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"I Am The Lord Your God"

A Sermon by the Rev. Peter M. Buss, Jr.

Life progresses. I'd like you to think for a moment about what your life may be like a year from now. Countless things will happen to all of us between now and then. We will all experience another Easter, another Thanksgiving, another Christmas. Some of us may retire. Others may change jobs, or become grandparents for the first time, or move. Those of us who are married will celebrate an anniversary; it may be a third anniversary, or a thirtieth or fortieth anniversary. Those of us who are parents will notice that our children will develop substantially: they will become more independent and more competent. This might be the year for a child to move out of the house – even get married. We will all celebrate a birthday this year.

Whatever activities or landmarks fill our time, we can be assured that life will keep rolling by. Each day brings with it new experiences and challenges; some which give us joy, and others which test our endurance.

Through it all we will be developing as people. Our perspectives will change as we see more of life. We know that beyond the various things which fill up our day, we are supposed to be making spiritual progress. Each year we get closer to the time when our lives in this world will be over, and we will enter the spiritual world, which includes heaven and hell. Our primary goal in this world should be to prepare for that time – to be led by the Lord towards heaven. From time to time, then, it's useful to reflect on how religion will play a part in our lives. How will the Lord Himself help us to make some spiritual progress this year? What is He leading us towards? What does He want us to see about our choices and ways of acting, and consider changing? What is most important to Him?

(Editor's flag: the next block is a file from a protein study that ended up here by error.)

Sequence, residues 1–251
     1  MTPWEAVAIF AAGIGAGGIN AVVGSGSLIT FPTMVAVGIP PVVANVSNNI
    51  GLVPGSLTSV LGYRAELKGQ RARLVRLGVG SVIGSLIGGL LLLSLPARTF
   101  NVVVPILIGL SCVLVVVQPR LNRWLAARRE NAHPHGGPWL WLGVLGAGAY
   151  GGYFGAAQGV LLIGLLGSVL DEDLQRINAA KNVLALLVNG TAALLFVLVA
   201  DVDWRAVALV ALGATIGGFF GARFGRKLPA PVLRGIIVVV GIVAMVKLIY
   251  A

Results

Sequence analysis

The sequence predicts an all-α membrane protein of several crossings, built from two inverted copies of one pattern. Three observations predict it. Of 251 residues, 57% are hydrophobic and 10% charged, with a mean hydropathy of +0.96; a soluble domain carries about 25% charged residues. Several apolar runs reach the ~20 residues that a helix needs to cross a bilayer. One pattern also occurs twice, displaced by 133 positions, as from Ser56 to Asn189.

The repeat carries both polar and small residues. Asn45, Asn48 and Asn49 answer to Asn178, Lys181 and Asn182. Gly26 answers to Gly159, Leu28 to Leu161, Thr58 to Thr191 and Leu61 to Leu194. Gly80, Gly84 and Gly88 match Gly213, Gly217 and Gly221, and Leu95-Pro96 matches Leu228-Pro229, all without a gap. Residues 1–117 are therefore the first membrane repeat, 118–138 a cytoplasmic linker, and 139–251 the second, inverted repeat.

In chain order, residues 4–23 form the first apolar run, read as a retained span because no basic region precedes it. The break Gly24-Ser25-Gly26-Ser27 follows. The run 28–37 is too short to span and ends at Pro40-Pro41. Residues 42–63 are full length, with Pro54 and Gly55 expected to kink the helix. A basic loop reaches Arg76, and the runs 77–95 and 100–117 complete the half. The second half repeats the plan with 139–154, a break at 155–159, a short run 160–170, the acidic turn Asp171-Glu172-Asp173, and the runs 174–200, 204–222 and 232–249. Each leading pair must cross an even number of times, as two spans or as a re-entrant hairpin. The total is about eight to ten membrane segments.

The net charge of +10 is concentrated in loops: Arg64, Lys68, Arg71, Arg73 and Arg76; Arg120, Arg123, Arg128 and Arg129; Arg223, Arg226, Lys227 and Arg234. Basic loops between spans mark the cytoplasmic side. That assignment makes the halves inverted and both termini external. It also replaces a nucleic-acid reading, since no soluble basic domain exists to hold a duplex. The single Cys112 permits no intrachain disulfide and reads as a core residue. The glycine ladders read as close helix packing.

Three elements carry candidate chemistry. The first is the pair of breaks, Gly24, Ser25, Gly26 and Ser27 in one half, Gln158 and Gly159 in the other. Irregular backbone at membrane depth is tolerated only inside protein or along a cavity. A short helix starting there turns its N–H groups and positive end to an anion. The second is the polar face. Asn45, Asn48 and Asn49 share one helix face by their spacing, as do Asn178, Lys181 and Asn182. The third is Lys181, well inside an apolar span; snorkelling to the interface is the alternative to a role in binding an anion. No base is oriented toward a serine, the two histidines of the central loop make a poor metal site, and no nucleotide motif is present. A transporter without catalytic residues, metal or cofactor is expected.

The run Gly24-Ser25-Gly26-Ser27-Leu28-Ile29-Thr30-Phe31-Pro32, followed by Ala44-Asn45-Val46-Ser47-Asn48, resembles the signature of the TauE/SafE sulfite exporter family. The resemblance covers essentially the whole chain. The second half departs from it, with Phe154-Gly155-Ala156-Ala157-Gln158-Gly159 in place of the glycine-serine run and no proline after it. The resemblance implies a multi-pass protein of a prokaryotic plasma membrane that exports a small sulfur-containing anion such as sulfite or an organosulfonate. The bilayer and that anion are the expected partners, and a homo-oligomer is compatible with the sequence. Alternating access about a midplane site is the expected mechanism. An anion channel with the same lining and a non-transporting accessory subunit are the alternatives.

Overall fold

The First Commandment. Today's focus is on the most central religious principle to keep in mind as we strive to make progress in our spiritual lives: dedication to the Lord our God. That is why we will look at the First Commandment today – the first thing, and in one sense the most important, which the Lord commanded from Mt. Sinai. He said: